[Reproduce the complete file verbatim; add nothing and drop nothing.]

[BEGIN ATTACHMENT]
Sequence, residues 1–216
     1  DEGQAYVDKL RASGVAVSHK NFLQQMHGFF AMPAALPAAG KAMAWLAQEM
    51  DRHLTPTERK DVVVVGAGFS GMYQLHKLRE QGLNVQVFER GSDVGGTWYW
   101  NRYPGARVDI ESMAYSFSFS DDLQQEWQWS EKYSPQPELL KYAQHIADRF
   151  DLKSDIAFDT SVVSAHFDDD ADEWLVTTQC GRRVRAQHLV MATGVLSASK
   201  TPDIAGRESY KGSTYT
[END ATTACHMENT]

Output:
Sequence, residues 1–216
     1  DEGQAYVDKL RASGVAVSHK NFLQQMHGFF AMPAALPAAG KAMAWLAQEM
    51  DRHLTPTERK DVVVVGAGFS GMYQLHKLRE QGLNVQVFER GSDVGGTWYW
   101  NRYPGARVDI ESMAYSFSFS DDLQQEWQWS EKYSPQPELL KYAQHIADRF
   151  DLKSDIAFDT SVVSAHFDDD ADEWLVTTQC GRRVRAQHLV MATGVLSASK
   201  TPDIAGRESY KGSTYT